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Playing Country bass the "correct" way?

Discussion in 'Technique [BG]' started by Ljudsystem, Sep 23, 2020.

  1. Ljudsystem


    Oct 4, 2017
    Hi guys

    I play bass in a swedish country band (mostly classic stuff from the 50s, 60s and 70s).

    I've been muting my notes on the snare hit but I saw some video on youtube where several commentators said you don't do that in "real country music". Listening more closely to my favorite artists it seems most bassists let the notes ring.

    Are there any red blooded american country pickers here on the forum that would like to clear this up for me?
  2. 1 5 1 5 5 1 5 1 3 1 3 4 5 2 1 7 1
    bmac314, DeepHz, Iristone and 5 others like this.
  3. JKos


    Oct 26, 2010
    Torrance, CA
    DaDo625, edencab, FugaziBomb and 3 others like this.
  4. It doesn't matter. If it sounds good, it is good. As long as you're alternating/walking with the the chords, it's all country.
  5. Biggbass


    Dec 14, 2011
    Planet Earth
    Red Blooded Texan Country Music Player here....
    I palm mute as needed and use fretting hand muting as needed to match the tightness of the drums, depending on the song, of course. Sometimes I use a pick sometimes I finger pluck, sometimes a thumb pick. Sometimes it's a J and sometimes a P, sometimes a fretless, sometimes an upright. Just depends.
    There's no right or wrong though. Do what sounds best for the music you're playing.
  6. Abington


    Dec 25, 2007
    If you are playing old stuff where your reference recordings feature the upright then I would say that you'll want to use some sort of muting to reduce your sustain. This can be done with left hand muting, right hand muting, palm muting, foam under the bridge. Flatwounds can help get that upright-esque punchy and low-sustain sound.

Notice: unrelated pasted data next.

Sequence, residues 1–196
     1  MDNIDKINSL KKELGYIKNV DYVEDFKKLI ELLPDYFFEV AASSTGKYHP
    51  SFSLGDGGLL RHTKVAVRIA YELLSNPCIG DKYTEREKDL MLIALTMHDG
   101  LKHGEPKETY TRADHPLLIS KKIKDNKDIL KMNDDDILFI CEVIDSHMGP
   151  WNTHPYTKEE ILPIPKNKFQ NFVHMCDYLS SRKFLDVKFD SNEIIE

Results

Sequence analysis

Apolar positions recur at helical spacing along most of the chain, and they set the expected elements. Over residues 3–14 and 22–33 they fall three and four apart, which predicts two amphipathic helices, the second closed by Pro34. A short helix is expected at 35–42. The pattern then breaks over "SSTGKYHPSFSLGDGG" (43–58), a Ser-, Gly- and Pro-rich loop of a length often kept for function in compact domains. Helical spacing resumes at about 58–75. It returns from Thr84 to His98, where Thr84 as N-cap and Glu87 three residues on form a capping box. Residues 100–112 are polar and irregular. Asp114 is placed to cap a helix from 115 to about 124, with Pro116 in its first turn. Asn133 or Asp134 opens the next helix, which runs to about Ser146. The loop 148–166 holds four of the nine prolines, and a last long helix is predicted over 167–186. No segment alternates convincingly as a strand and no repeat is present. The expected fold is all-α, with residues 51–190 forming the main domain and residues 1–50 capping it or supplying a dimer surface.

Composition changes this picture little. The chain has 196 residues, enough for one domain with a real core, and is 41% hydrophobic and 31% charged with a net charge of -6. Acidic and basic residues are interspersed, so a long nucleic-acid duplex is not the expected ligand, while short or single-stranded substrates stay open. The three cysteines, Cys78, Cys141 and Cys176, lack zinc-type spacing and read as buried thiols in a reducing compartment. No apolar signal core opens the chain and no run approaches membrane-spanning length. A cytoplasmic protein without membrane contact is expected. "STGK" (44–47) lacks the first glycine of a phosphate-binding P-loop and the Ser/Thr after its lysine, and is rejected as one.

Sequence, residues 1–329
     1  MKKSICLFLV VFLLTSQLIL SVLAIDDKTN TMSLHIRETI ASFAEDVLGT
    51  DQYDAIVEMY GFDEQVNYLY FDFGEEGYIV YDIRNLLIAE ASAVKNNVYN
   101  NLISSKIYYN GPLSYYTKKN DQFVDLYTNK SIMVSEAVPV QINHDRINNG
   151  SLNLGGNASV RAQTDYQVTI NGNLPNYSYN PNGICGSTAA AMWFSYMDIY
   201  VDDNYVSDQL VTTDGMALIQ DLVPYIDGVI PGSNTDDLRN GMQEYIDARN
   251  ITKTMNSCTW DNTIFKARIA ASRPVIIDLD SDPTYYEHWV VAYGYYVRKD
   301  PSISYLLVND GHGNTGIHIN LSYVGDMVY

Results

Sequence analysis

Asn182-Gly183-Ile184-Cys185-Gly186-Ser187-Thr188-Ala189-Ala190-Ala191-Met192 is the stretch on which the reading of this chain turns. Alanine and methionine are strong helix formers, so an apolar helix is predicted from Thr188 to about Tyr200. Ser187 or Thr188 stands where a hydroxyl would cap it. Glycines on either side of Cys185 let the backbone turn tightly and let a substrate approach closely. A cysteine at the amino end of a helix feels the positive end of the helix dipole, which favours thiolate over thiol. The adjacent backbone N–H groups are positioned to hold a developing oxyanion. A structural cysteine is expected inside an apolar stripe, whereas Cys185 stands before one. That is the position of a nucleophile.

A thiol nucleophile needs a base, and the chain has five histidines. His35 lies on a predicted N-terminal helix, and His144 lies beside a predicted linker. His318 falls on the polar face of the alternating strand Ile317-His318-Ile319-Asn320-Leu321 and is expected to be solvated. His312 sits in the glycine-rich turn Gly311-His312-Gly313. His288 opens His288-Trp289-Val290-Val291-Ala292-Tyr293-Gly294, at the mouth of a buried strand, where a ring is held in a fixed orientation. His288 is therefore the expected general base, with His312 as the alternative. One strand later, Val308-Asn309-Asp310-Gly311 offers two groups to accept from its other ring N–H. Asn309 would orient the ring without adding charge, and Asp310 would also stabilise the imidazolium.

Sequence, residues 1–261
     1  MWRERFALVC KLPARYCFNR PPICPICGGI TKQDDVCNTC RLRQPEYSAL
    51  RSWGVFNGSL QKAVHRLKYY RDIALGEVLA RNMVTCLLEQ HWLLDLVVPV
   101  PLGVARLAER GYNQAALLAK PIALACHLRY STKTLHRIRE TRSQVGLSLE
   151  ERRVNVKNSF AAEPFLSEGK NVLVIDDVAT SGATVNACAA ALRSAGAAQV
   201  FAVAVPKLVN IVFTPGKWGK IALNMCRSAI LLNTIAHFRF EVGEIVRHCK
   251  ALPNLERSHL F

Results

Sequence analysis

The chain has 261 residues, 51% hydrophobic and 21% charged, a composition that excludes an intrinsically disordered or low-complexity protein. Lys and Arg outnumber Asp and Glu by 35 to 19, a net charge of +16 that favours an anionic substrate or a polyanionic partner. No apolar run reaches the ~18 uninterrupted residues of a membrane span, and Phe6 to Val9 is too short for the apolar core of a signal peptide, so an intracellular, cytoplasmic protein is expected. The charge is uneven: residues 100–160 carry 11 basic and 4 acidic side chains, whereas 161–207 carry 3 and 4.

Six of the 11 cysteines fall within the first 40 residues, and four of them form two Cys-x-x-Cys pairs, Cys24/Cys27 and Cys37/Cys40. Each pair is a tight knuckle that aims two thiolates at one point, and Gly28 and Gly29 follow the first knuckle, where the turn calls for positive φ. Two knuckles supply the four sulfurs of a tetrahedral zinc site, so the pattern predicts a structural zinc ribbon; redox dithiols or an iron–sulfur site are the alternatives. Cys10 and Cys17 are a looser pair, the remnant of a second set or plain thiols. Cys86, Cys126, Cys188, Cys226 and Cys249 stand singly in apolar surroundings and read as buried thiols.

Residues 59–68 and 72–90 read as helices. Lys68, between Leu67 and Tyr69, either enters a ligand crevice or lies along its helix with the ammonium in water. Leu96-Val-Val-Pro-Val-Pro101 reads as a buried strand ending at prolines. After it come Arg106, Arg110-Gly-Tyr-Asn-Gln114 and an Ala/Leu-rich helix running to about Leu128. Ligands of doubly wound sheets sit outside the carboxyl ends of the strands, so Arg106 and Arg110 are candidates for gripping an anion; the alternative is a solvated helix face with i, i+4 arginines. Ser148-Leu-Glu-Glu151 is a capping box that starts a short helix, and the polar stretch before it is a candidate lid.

Further into the 70s style stuff I'd say it's more up to your preferences. I believe that there was a mixture of flats and rounds.
    RHF, Zbysek, bassfran and 2 others like this.
  7. RattleSnack


    Sep 22, 2011
    By muting, you mean you play on one, and just before snare hits, you stop that note ringing?
    I am no authority on country, but I do play in a Johnny Cash tribute band, so that counts.
    I almost always mute when doing quarternotes 1-5, and never when doing that eightnotes lead-on (1-5-6-7-). That sounds best to me and folks like it.
    RHF, Zbysek, jdh3000 and 1 other person like this.
  8. Ric5

    Ric5 Supporting Member

    Jan 29, 2008
    Pdaddy1978, teh-slb, westrock and 2 others like this.
  9. That would be Bass Cliffs forte imo look for gig reports and you'll find him :)
  10. aprod


    Mar 11, 2008
    And if it sounds bad it is bad.
  11. QweziRider

    QweziRider Supporting Member

    Sep 15, 2008
    Northern Nevada, U.S.
    I'm sure this won't help, but it totally depends on the song. Some sound great with a muted note, others sound great letting the note ring more. There is no "one right way" with Country. Hell, some nights I might switch it up on a given song because it strikes me as better that night to do it one way or another. Or I might use both methods in the same song, switching up between choruses and verses.